Arduino-powered Pipette Pump

I'm going to preface this by making it clear that I'm an alright programmer but have next-to-no knowledge of anything mechanical, so, I'll take any mocking and/or derision firmly in stride because I definitely deserve it.

This is a pipette pump. While you can't see it in the picture, the wheel is kind of like a gear, in that it has regularly spaced indentations which, I believe, would allow you to place a linear rod with equivalent indentations next to it to control the rate that it draws in liquid.

Leaving aside for a moment the calculations necessary to determine what fraction of a rotation corresponds to what volume of liquid and the force required to turn the wheel - I obviously plan to do that once I've got a better idea of what I'm going to need to do - does anyone have any ideas as to how to implement something like this?

It's obviously a small-scale project of no real significance but I'm interested in seeing if I can automate the most tedious part of my day to day. I'd like to be able to press one of three buttons, corresponding to 9ml, 1ml and 0.1 ml respectively - this much I actually know how to do - and have the pipette draw in that much fluid. The viscosity of the fluid isn't a factor as it's always essentially constant.

Like I said, I get electronics reasonably well, it's the 'making them move' part that's nontrivial.

Pipettor: This is a pipette pump. While you can't see it in the picture

What picture?

I know exactly what you are trying to build and I'm sure I could probably draw the missing picture. I've used one a thousand times. If you take it apart you'll find that the piston that moves up and down has teeth that mesh to the teeth in the wheel. What you want to do is somehow mount a stepper motor with teeth equivalent to what is on the wheel. With the stepper you'll be able to precisely control how far it moves. The difficult part is figuring out how to mount the stepper to the pipettor so that it isn't too unwieldy to handle. You'll have to figure out some sort of bracket to hang it on there. This may be a good time to learn a little about 3-D printing.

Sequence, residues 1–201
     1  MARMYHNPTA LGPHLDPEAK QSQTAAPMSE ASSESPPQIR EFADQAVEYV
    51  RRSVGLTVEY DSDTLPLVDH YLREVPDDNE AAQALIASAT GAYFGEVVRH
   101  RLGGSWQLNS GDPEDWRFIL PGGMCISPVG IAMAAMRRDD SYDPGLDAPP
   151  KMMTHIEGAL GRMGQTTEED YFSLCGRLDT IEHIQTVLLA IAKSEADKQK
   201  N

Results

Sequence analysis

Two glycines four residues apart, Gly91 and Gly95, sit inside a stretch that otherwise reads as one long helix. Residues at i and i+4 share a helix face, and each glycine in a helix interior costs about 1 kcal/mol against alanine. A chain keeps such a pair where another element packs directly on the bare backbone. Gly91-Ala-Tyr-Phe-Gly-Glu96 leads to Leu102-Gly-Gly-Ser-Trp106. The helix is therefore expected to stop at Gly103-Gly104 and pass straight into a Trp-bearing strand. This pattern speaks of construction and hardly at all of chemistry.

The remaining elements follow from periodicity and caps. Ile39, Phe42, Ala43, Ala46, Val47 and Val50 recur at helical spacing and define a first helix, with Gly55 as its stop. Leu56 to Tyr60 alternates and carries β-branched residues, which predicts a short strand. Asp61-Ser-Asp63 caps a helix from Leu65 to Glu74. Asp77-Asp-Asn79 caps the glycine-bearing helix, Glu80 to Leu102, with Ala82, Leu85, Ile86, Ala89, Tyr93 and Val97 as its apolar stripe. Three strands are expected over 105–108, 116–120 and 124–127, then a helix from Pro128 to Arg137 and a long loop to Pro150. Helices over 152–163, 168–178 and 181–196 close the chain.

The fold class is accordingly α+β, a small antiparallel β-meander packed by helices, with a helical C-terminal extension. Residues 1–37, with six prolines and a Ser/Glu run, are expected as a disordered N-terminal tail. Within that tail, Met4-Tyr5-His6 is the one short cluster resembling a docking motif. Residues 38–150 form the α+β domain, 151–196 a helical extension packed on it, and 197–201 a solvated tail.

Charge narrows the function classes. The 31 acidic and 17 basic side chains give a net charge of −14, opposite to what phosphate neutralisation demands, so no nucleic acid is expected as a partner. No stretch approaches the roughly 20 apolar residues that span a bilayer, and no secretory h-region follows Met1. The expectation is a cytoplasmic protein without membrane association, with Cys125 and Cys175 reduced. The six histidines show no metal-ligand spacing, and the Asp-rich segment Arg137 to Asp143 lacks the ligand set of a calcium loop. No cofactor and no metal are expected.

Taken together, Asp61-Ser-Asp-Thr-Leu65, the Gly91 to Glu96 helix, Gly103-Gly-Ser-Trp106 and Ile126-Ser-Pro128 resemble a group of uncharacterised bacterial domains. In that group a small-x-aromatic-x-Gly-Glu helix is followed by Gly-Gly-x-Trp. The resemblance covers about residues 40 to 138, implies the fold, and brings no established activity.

The other groovy part is that you could also program it so that for like 1 ml it could actually pull up 10ml and dispense in 1ml quantities for when you have to add 1ml of the same stuff to a whole bunch of tubes.

I'd be interested to see what you come up with.

BTW: If your organization has a little money these are commercially available. Check Fisher.

wvmarle: What picture?

I apologize, the picture did not load properly. It's kind of been a Very long time since I've used a traditional forum. Mea culpa.

https://imgur.com/a/hJ8Pr

Delta_G: I know exactly what you are trying to build and I'm sure I could probably draw the missing picture. I've used one a thousand times. If you take it apart you'll find that the piston that moves up and down has teeth that mesh to the teeth in the wheel. What you want to do is somehow mount a stepper motor with teeth equivalent to what is on the wheel. With the stepper you'll be able to precisely control how far it moves. The difficult part is figuring out how to mount the stepper to the pipettor so that it isn't too unwieldy to handle. You'll have to figure out some sort of bracket to hang it on there. This may be a good time to learn a little about 3-D printing.

Thanks so much for your reply. This was my intuition on the matter but, again, I know mechanical things about as well as I know classical german literature.

The other groovy part is that you could also program it so that for like 1 ml it could actually pull up 10ml and dispense in 1ml quantities for when you have to add 1ml of the same stuff to a whole bunch of tubes.

This is pretty much my main motivation for this, yeah. That's exactly what I do with it at the moment already, but manually.

BTW: If your organization has a little money these are commercially available. Check Fisher.

I figured that this already existed - I mean, it's too obvious of an idea not to. Unfortunately, at the moment, my 'organization' is a...to use the word lightly, college, at which I am a student. Particularly one that has contracted out its 'book store' - which also sells all scientific equipment - to the lowest bidder, and that means paying $300 for a $0.30 cent nylon bag, a box to put slides in, a pair of plastic safety glasses that falls apart three times / experiment and a pipette bulb. Had to buy the pipette pump mentioned above out of pocket. I Could go whole hog and buy a commercially available equivalent, but given I've got a bunch of Arduino and electronics stuff kicking around, cheap access to the city's 3D printer, and a working knowledge of solidworks, it seems like a decent project for my spare time.

Thanks so much for your answer!